Select the best wall for accent painting (keeping in mind the above
suggestions), then look around - what do you want to showcase?
you have a favorite painting or a collection of framed photos, a unique
piece of furniture or even a live plant that you really love? On the
background of the accent wall color, that item will be in spotlight and
get more attention.
- Before painting an accent wall, make sure there is no
competition from the other walls in the room.
If any of the adjacent walls has some "bossy" or "in your face" element that already draws all of the attention (such as an oversized mirror, dramatic artwork or other bold wall decor), adding an accent wall next to it may easily create confusion and overwhelm the space - in that case, thread carefully.
Remember that if something in the room is the star of the show, the other elements of the decor should play quieter, supporting roles (so don't force an accent wall in a room that doesn't lend itself to it - leave rule breaking to the pros).
And that brings us to choosing color for painting accent walls...
Color Advice for
Painting Accent Walls
- Accents walls look most organic when they are darker than the other walls in the room - it's a classic look.
reversed color combination is possible (e.g. a light accent wall in a
room painted a deeper color) but requires skill and a good eye for color and decorating, so beginners will be better off sticking
with the traditional color placement.
Also, the color of the
accent wall should harmonize with the adjacent wall color. When in
doubt, paint your statement wall the same color but 2 shades darker than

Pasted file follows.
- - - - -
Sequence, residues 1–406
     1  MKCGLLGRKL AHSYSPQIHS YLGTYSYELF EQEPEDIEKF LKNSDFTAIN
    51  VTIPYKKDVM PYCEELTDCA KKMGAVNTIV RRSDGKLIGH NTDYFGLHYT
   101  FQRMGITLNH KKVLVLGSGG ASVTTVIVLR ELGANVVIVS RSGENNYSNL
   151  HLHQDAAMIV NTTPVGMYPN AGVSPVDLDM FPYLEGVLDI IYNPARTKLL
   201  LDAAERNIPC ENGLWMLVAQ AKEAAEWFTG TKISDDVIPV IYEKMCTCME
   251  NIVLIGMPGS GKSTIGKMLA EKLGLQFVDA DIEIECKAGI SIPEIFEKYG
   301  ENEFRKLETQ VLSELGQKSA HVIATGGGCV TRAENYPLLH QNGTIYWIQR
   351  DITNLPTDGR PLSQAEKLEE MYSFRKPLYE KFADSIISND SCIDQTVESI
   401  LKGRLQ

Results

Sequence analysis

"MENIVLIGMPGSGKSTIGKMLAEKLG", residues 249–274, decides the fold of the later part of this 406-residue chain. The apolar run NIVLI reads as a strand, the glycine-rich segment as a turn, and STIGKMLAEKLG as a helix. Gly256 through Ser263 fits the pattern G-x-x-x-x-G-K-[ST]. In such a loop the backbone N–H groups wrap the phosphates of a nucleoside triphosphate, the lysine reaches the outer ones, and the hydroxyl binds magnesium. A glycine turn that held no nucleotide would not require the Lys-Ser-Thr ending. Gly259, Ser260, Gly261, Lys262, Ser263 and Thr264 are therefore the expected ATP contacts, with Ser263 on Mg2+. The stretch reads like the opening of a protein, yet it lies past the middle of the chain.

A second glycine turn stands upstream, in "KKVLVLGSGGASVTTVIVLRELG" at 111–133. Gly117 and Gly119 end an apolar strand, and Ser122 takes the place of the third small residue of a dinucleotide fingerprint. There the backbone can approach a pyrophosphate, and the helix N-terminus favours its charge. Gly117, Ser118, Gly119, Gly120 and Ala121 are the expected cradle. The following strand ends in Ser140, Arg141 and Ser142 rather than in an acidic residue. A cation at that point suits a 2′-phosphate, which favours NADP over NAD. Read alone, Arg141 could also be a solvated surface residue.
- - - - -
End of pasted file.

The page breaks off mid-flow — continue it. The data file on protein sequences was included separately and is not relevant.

the rest - it's always a foolproof look.
- Make sure the accent wall is related to the existing decor. The best way to connect it is to repeat one of the colors already present in the room.
Take a look at your throw pillows, artwork or other decorative pieces and use one of the colors for painting the accent wall.
don't pick the dominant color in the decor (for example, the color of your furniture upholstery and curtains),
otherwise you'll end up with too much of the same thing and when
everything is emphasized, nothing is emphasized.
And please don't match it to your boring beige carpet - you can do better than that when it comes to color inspiration!
- When choosing a paint color for the accent wall, consider the items that will be placed on its background.
need to ensure there is enough contrast, and that the colors will coordinate
well - you don't want your furniture pieces, wall art and other
decorations to clash with the wall color, or blend in and disappear on
the new color background.
If you are experienced in decorating with paint, accent walls can
help you make quite a statement. For those who are new and not used to
bold colors, adding an accent wall is a good place to start experimenting with possibilities.
Creative Accent Wall Painting Ideas
Painting Rooms to Manipulate the Space
Decorative Interior Painting Tips for Foyer Walls
Wall Painting Techniques for Old or Damaged Walls